What I've done to help (being the good little Demo that I am): I suggested she (1) take our samples and head over to The Paper Source some time and talk with them. She needs to talk to real paper people. And (2) I suggested she call the wedding paper place and talk to them, too. They may at least be able to explain why the printing got absorbed, or suggest something else from their stock. Two of my other customers have used this wedding paper place and the paper really is gorgeous. We just need to work through this vellum issue.

Oh, and they have heavier vellum, but it's not shimmery, and the shimmery card stock is GOR-JUS! She really needs the champagne color in shimmery vellum for this to work out.

So my plea to all of you is: Do you have any idea WHY this shimmery vellum absorbed the ink? Is it maybe not really vellum, and perhaps just thin, translucent paper? Have any of you been through this, or have any experiences or hear-say (we'll take hear-say!) you can share? I told her I'd send out a plea to the masses. :) Feel free to ask your friends! Any feedback will be most welcome!

Thank you!


  1. The circle is from Together Forever (which I do not have, and definitely covet). My thought is that whatever process they use to make the vellum shimmery also makes it porous = absorbent. Perhaps you could give it a light spray with a clear sealer before you print and emboss, just so the ink would sit on top of the paper instead of absorbing into it...? Alternately, you could do the printing/embossing on the white vellum and then spritz it with a champagne glimmer mist to make it shimmery. Other than that, I don't really have anything helpful to add. Good luck, and keep us posted!

  2. Wouldn't it be easier to just have a custom stamp made and use a slow drying ink like palette ink?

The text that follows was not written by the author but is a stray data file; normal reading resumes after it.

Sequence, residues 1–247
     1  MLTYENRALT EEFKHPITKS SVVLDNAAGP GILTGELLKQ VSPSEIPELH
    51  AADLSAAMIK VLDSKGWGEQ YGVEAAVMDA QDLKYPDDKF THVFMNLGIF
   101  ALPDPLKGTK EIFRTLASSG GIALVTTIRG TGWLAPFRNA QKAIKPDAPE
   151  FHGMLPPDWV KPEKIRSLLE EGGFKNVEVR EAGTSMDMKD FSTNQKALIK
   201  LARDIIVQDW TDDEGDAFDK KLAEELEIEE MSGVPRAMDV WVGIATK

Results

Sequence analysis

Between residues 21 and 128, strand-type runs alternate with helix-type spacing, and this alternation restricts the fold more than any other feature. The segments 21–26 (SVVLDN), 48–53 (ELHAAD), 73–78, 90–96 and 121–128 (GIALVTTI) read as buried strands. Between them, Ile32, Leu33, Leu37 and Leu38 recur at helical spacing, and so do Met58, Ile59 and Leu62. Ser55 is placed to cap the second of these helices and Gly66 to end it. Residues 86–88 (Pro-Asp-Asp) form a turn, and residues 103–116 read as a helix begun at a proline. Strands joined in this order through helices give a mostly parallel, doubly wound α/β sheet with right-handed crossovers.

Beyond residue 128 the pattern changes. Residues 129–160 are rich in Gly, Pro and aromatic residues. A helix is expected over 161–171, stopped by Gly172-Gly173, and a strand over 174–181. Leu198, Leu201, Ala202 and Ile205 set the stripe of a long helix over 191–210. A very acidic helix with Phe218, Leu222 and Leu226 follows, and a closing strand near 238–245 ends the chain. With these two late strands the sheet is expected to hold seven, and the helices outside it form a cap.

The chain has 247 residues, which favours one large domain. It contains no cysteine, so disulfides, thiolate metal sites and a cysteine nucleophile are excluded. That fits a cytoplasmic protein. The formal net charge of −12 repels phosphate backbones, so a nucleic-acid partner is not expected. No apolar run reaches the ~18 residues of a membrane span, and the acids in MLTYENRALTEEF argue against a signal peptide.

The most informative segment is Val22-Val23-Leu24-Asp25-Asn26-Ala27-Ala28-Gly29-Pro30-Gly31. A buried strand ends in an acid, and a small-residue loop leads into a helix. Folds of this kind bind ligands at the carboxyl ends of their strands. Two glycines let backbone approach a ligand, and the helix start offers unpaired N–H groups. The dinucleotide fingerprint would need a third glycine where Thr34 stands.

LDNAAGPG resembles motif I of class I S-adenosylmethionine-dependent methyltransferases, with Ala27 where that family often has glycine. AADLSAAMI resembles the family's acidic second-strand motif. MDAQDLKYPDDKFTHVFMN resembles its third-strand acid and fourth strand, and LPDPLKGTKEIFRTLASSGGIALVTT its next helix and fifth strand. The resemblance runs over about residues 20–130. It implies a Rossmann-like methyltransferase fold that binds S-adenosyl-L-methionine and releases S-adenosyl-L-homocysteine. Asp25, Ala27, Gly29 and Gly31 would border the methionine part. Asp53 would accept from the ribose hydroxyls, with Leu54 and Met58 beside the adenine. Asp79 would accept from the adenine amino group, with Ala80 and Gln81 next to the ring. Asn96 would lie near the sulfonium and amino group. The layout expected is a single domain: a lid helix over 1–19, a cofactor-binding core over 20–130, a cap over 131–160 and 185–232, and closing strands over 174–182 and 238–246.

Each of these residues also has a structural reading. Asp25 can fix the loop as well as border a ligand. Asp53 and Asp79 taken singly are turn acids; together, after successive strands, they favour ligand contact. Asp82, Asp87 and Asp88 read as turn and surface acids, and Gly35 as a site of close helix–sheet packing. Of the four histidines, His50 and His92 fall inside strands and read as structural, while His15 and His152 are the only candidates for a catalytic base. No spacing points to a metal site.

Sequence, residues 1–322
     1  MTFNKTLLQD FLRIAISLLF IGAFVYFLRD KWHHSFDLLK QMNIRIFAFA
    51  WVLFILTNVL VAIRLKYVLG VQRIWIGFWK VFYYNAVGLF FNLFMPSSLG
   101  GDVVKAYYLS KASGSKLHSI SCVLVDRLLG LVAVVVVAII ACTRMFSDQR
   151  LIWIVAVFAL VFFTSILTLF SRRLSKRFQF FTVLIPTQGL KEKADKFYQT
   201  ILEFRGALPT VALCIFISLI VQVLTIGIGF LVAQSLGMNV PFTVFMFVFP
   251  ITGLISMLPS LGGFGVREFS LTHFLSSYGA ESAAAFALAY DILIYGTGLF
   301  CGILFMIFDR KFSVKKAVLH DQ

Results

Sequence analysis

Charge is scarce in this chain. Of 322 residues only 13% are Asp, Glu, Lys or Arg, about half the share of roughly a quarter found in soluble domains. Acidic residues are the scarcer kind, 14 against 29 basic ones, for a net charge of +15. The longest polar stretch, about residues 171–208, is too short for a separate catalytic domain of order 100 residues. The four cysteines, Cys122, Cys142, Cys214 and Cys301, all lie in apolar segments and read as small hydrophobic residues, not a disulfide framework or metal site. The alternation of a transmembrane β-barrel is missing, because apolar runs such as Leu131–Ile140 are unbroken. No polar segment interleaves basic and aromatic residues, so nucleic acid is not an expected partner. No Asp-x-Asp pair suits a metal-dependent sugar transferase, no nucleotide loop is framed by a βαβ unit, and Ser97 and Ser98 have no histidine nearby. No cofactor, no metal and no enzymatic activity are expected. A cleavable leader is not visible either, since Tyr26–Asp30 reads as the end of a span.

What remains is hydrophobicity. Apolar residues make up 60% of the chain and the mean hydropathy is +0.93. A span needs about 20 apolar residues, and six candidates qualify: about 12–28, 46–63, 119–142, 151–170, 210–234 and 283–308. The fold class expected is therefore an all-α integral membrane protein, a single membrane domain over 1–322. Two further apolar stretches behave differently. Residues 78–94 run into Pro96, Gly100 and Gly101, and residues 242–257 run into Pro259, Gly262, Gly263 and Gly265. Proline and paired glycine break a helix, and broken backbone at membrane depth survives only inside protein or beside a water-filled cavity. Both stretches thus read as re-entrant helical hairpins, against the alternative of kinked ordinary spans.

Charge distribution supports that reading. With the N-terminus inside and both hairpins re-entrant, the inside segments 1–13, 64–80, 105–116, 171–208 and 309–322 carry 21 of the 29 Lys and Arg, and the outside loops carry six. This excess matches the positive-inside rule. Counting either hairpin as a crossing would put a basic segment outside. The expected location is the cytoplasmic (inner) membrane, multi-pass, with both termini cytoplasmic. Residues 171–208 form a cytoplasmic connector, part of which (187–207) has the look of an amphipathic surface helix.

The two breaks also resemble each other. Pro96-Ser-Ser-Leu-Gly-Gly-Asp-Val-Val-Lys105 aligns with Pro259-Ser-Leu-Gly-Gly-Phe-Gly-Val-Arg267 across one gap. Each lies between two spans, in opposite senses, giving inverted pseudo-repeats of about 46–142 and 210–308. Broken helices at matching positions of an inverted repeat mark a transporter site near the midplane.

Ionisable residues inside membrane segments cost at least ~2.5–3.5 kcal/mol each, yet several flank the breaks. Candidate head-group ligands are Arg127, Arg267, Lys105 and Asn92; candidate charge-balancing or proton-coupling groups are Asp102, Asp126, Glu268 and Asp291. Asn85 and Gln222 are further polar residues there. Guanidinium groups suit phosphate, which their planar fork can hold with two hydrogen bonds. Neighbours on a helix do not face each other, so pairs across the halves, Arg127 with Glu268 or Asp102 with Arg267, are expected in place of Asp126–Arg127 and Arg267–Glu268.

3. I used this technique with both of my daughters wedding invitations. One of them was married in 2001, so not so much of a new technique at all.
    You can heat emboss on any vellum. Here is the catch. Vellum has a definate right and wrong side to heat emboss. Try a little (small in size stamp) on the very corner to determine the right side of the paper.
    Also, make sure the ink is good for embossing on regular paper, first.
    Make sure you do the embossing IMMEDIATELY when the paper comes out of the printer--you have about 3 seconds to get the embossing powder on there. Make sure the embossing powder is relatively new, and fresh. If it has too much moisture in it--results will be lacking. Lastly, I found out the the micro-fine or at least fine, embossing powder works the best on vellum. another thing, Always use and embossing buddy, or some such device to prepare the vellum, and too, work in small segments, or at break neck speed, whichever you prefer. Hope this helps. Shelley W.

  4. i have NO HELP here, what with being technique impaired and all...but GEE WIZ you are a nice lady AND your scientific method of pure research as it applies to stampin' stuff CANNOT BE BEATEN!!!!!! ♥♥♥ (good luck, missus!)


I'd love to hear what you really think! :-)

PS: I've had to disable Anonymous comments, because the spammers were killing me. If you are unable to comment, please email me your comment and I'll get it posted for you. Sorry. (stoopid spammers)